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'Endgame' blends print, film, gaming, and a global treasure hunt

Google is helping James Frey build a multimedia sci-fi juggernaut
By Adi Robertson on July 28, 2014 11:55 am

On October 7th, author James Frey will release a novel about the apocalypse. It will hold an elaborate code, directing readers towards a key hidden somewhere in the real world. That key will open a case containing $500,000 in gold.

This is the premise of Endgame: The Calling, which is not so much a book as a sweeping attempt at a story that will colonize all conceivable media. Fox is developing a movie concurrently, and Google's Niantic Labs, responsible for alternate-reality game Ingress, is making a new game based on the plot. A D&D dungeon master has been conscripted to maintain social media accounts for the characters, which he has done for the past year. Two more books are coming. And around it all is a scavenger hunt based on cryptic numbers, coordinates, and other details hidden in the book.

"There's so much possible in today's world that people don't do," says Frey in an interview at San Diego Comic Con. "You know, the idea that Twitter can be part of a book, or a search result can be part of a book, and a game can be a part of a book. A book can be more than what's on the page. It can take you out into the real world; it can take you out into the digital world." After coming up with the idea, Frey cold-called Google to see if the company would be interested in partnering on a game. Google agreed to a meeting, sending members of the team behind Ingress, its first foray into gaming.

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Endgame by James Frey

Twelve ancient cultures were chosen millennia ago to represent humanity in Endgame, a global game that will decide the fate of humankind. Endgame has always been a possibility, but never a reality…until now. Twelve meteorites have just struck Earth, each meteorite containing a message for a Player who has been trained for this moment. At stake for the Players: saving their bloodline, as well as the fate of the world. And only one can win.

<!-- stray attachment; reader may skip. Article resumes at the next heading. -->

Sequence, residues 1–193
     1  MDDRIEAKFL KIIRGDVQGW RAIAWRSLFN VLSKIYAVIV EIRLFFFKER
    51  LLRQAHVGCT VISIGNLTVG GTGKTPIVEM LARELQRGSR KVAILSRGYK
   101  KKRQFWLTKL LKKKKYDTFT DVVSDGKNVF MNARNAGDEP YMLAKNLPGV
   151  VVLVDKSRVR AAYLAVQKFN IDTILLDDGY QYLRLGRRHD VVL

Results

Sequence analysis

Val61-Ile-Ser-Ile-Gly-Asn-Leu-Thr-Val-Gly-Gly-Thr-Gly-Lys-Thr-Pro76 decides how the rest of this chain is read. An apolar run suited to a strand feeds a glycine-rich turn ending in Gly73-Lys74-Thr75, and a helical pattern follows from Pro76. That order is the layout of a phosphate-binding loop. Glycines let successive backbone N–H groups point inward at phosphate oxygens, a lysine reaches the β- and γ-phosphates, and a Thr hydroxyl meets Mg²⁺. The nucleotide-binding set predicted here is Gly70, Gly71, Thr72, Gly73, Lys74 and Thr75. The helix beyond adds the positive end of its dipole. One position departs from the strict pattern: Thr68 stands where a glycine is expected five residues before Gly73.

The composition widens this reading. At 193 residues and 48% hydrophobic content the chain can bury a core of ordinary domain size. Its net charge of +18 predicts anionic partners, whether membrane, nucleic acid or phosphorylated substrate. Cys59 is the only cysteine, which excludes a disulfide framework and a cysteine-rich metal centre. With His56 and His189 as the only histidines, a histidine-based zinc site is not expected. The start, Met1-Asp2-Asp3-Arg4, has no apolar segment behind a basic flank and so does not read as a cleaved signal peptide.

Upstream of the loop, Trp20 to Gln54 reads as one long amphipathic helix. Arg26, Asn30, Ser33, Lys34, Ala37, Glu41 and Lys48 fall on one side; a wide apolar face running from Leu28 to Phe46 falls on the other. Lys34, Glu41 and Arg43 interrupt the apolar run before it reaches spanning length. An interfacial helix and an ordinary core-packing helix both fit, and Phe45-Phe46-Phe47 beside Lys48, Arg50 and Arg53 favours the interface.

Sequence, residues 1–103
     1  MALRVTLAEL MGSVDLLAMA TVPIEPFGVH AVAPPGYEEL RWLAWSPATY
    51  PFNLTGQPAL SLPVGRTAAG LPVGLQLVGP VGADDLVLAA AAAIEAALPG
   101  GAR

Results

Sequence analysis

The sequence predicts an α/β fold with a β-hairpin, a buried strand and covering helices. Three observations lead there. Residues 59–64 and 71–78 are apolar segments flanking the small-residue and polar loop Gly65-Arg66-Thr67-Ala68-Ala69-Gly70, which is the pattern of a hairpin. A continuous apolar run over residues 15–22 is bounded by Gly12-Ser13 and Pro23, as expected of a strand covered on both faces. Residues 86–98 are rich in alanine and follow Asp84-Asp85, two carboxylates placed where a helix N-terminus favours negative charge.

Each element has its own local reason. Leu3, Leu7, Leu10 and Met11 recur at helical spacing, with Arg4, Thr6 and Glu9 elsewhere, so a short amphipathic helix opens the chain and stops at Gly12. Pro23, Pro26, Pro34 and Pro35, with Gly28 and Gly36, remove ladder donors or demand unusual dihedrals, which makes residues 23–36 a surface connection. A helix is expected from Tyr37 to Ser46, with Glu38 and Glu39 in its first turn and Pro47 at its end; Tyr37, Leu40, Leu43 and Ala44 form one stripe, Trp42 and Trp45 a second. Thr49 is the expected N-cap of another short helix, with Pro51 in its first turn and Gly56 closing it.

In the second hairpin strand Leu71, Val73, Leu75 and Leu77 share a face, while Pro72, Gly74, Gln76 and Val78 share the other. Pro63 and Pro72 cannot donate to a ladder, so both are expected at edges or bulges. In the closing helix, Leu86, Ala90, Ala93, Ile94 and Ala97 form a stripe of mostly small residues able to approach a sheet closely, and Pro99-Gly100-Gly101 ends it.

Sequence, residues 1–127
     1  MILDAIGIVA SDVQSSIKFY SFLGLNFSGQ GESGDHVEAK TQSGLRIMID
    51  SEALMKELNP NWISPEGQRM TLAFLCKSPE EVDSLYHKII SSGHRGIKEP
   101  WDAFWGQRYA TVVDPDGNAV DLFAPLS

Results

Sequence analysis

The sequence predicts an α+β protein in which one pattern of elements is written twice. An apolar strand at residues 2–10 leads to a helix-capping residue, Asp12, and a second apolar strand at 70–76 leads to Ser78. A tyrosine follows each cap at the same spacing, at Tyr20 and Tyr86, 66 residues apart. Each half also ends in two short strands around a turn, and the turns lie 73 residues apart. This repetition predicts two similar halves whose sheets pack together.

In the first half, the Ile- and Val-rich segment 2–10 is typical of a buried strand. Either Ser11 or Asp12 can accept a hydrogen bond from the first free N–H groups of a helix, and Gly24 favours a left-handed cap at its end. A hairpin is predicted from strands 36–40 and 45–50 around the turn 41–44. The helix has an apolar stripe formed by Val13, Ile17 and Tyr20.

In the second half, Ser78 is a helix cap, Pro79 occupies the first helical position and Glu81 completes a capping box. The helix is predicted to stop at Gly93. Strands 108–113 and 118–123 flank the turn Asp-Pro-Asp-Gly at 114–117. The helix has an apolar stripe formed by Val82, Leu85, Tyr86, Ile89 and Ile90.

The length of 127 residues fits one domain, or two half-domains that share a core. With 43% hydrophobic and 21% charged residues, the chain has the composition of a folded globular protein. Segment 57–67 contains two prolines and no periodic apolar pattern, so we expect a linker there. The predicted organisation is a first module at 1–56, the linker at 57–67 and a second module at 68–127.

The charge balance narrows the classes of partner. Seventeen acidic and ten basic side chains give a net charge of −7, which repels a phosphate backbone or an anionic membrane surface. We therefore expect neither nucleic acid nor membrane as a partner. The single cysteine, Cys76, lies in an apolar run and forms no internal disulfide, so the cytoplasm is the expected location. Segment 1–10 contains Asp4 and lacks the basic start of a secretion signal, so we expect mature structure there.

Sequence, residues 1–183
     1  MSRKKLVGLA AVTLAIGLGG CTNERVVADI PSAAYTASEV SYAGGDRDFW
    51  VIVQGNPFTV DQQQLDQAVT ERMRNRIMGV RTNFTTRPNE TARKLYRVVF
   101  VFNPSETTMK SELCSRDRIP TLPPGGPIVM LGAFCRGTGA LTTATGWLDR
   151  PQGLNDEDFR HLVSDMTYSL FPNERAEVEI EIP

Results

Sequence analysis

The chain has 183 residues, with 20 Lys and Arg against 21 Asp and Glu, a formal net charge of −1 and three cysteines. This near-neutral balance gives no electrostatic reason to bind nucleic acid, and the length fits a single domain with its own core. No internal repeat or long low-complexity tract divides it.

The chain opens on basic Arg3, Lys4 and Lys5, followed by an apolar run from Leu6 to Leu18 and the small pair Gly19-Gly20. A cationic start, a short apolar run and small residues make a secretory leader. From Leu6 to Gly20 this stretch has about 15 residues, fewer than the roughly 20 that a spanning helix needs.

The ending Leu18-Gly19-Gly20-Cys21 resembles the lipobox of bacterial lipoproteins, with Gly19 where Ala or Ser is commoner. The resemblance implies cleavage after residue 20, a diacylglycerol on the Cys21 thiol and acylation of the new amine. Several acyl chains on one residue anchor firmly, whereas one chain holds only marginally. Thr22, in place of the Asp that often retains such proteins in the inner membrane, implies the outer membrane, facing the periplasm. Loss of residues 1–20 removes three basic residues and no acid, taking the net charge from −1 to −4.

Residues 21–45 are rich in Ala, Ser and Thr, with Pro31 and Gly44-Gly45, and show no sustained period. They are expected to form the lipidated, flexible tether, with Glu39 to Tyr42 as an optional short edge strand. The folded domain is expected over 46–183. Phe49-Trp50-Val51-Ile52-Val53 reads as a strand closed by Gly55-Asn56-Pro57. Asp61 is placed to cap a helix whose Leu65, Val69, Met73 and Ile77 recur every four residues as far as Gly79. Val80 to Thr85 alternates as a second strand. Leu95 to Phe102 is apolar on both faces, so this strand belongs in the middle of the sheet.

Endgame is real. Endgame is now. Endgame has begun.

Google Niantic is building a mobile location-based augmented reality videogame inextricably tied to the books and mythology, a major prize will be tied to a puzzle in each book, and Twentieth Century Fox has bought the movie rights.

The idea of an interactive game within a book made me think of Ready Player One by Ernest Cline

In the year 2044, reality is an ugly place. The only time teenage Wade Watts really feels alive is when he's jacked into the virtual utopia known as the OASIS. Wade's devoted his life to studying the puzzles hidden within this world's digital confines—puzzles that are based on their creator's obsession with the pop culture of decades past and that promise massive power and fortune to whoever can unlock them.But when Wade stumbles upon the first clue, he finds himself beset by players willing to kill to take this ultimate prize. The race is on, and if Wade's going to survive, he'll have to win—and confront the real world he's always been so desperate to escape.

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sounds interesting, but also not interesting

When I read a fiction book, my purpose is to leave the real world and explore something different. If a book pulls me back into the real world, I would find that annoying.

Also, I am afraid that this could be overcompensation for a crappy book. Sort of like a CGI-ladden movie with a predictable unoriginal story and cardboard characters. When I read a book or watch a TV show, what draws me in are the characters first, the story second. Both need to be present to make it worthwhile. Exhibit A: Breaking Bad. If Breaking Bad did anything like this, it would diminish the show.

I think this could be fun if it allows people to interact, like in a role playing game. May be if there were competing teams. But then, who needs the book? In a roleplaying game, the game master has to come up with a plot, but it's usually just a skeleton guide which is fleshed out by the participation of the players.